# Does infinite time = time with no end = never?

Say an object is to travel from point A to point B, a finite distance of 2 meters. Say the object travels at 1m/s.

After 1 meter the speed of the object is halved. After another half of the previous distance the speed is halved again, and so on.

So for each term in the infinite series 1 + 1/2 + 1/4 + 1/8 + ..., the term represents the distance the object travels in meters before the speed is halved.

Now apparently the object does eventually reach point B, but it takes an infinite amount of time to do so.

Yet infinity has no end.

So if the the object does ever reach point B, wouldn't that mark the end of the infinite length of time that it took to reach it and wouldn't that contradict with the definition of infinity?

Yet if we say it never reaches point B, which is to say that there is no point in time that it reaches point B because that point in time would mark an end to infinity, then isn't it consistent with what we mean by infinity?

-
This is not the right place for this type of question. Try asking on physics.stackexchange.com – Anonymous Sep 18 '13 at 19:48
@Anonymous: I'm not sure it would really fit there, either. It's almost a philosophical question, really. – Cameron Buie Sep 18 '13 at 19:49
The short answer is that if it takes an infinite amount of time to reach point B, then the object never reaches it. Of course, in the real world, no matter how precise your measurement is, there will be some time after which the object is closer to B than your instrument can distinguish. – Javier Sep 18 '13 at 19:49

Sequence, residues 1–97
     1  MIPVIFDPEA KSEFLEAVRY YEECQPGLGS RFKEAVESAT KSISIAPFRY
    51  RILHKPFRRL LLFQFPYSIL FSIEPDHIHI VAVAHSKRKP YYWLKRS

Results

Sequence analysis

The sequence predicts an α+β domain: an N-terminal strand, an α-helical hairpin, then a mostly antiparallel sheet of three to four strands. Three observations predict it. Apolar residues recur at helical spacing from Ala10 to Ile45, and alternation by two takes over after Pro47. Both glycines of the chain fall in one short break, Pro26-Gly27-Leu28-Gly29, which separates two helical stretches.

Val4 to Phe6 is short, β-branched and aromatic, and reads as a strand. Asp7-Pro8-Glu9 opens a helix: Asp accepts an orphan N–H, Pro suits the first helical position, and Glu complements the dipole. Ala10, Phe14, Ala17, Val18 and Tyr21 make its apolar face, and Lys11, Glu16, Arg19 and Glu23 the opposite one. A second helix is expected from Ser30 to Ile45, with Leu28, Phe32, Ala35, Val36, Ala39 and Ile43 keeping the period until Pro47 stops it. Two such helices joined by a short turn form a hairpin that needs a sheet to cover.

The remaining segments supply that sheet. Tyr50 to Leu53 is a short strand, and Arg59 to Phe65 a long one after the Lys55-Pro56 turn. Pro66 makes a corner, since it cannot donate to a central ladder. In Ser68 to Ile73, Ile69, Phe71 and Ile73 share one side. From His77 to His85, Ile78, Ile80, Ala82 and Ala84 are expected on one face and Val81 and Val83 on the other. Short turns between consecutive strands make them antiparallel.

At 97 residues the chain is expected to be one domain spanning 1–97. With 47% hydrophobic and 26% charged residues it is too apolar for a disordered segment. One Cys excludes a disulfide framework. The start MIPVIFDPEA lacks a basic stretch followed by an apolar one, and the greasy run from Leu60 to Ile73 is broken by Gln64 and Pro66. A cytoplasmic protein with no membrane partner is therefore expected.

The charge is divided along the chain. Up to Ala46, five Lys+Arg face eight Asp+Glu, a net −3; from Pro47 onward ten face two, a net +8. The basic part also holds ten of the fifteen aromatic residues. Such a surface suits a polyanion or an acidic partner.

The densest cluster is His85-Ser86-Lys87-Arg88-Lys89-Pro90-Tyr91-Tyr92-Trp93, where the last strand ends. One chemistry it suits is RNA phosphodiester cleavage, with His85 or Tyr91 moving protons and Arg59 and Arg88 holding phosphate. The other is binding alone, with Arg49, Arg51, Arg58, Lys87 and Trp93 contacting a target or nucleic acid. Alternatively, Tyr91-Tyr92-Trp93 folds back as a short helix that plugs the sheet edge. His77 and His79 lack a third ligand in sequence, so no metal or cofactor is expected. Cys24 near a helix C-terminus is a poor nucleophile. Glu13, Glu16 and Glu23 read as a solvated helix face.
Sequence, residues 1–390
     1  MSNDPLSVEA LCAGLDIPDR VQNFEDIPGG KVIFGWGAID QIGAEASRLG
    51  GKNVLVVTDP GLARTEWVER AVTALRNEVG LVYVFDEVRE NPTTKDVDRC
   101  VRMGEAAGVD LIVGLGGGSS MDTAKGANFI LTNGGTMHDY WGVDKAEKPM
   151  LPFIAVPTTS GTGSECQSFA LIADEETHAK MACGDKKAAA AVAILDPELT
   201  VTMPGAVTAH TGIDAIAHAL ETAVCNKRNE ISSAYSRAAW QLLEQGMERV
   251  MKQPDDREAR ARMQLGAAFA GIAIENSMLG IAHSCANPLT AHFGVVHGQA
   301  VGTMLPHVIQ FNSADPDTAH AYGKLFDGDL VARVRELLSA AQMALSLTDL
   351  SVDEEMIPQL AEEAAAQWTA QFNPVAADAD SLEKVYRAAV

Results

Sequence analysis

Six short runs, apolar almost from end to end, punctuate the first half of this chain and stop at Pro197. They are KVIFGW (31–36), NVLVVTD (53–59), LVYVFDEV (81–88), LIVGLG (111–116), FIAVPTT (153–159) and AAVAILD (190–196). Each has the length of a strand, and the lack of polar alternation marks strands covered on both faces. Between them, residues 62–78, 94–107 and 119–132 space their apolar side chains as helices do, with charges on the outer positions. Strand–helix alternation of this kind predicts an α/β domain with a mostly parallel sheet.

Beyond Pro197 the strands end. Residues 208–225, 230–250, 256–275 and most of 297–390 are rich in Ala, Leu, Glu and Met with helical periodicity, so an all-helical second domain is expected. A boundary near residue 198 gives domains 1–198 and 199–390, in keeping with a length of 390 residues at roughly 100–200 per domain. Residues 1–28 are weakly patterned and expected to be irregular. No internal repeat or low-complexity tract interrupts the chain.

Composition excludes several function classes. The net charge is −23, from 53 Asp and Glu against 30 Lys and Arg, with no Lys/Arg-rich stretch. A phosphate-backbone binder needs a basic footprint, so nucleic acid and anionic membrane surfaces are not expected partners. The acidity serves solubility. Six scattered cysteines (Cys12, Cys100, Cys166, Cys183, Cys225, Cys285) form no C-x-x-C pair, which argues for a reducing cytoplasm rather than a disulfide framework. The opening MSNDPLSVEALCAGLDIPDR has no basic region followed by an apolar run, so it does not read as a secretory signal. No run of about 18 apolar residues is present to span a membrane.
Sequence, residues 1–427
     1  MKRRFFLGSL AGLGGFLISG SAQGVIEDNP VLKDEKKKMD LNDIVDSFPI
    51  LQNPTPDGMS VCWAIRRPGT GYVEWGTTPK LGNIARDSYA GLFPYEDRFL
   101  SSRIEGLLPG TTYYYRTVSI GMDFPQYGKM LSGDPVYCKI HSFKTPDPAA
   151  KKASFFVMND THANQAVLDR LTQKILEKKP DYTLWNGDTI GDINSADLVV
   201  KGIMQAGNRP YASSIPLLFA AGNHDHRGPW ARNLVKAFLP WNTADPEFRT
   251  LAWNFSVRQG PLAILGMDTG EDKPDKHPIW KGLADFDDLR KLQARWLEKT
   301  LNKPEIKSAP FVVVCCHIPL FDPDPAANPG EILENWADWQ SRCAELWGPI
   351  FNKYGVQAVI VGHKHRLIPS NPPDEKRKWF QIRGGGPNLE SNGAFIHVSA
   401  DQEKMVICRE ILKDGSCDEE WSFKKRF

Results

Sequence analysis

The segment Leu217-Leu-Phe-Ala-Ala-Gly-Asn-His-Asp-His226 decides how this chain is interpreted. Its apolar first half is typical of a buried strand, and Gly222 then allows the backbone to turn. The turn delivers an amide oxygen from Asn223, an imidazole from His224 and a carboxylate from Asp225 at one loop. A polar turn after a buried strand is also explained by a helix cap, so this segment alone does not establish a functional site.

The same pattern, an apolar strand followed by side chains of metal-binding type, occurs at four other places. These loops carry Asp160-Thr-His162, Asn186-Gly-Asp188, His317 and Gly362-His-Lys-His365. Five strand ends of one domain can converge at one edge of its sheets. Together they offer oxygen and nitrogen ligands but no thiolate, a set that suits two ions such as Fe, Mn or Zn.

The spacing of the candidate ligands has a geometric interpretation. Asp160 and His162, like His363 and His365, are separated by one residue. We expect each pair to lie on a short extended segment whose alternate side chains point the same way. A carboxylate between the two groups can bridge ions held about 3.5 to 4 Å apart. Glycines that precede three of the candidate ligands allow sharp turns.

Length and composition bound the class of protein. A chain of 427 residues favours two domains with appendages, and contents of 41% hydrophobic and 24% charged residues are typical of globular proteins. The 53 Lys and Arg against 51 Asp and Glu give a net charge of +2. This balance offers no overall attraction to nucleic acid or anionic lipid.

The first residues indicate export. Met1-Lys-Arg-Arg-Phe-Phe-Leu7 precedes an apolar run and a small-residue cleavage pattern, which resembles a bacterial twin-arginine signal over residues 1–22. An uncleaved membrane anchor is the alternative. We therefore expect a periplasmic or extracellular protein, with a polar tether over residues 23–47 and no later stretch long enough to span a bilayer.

Assuming that distance is quantized (that is, there is a least possible positive distance, counterintuitive as that seems), then at some point, the object will actually stop before getting to point $B$. Javier's point is also well-taken. – Cameron Buie Sep 18 '13 at 19:52

The key to cracking Zeno's paradox is the realization that an infinite series can have a finite sum. You mention an example of such a series:

$$\sum\limits_{n=0}^\infty \frac{1}{2^n} = 1 +\frac{1}{2} + \frac{1}{4} + \frac{1}{8} + \dots = 2$$

That yields the 2 meters from your example. You can divide that number infinitely, as Zeno did, but if you add those divisions back up, you still get 2: a finite number. Because it's a finite distance, it can be crossed in finite time.

You still have to cross each partial distance, but each of these distances is also finite (in fact, you can subdivide each of the the same way you divided up the original distance), so they can all be crossed in finite time too. If you move at the same speed through each one, they form the very same sort of infinite series as the distances do. In fact, you don't even have to move at the same speed through each one; it just makes the math easier if you do.

-

There is perhaps the bigger question of how close would the object have to be to B to be considered at B as this series seems a lot like the Dichotomy in Zeno's Paradox that would be my suggestion for a place to answer it. For example, how large is the object that is it occupying X space physically?

Zeno's Paradoxes has the Dichotomy example that is pretty much what you are have stated here though you do have to concede the object has to have infinitesimal size or else it will be close after going enough distances.

-
Assume the object has length x and the distance between point A and B is (1/1 + 1/2 + 1/4 + ...) - x or that the object is simply a geometric point itself. – RussW Sep 18 '13 at 20:27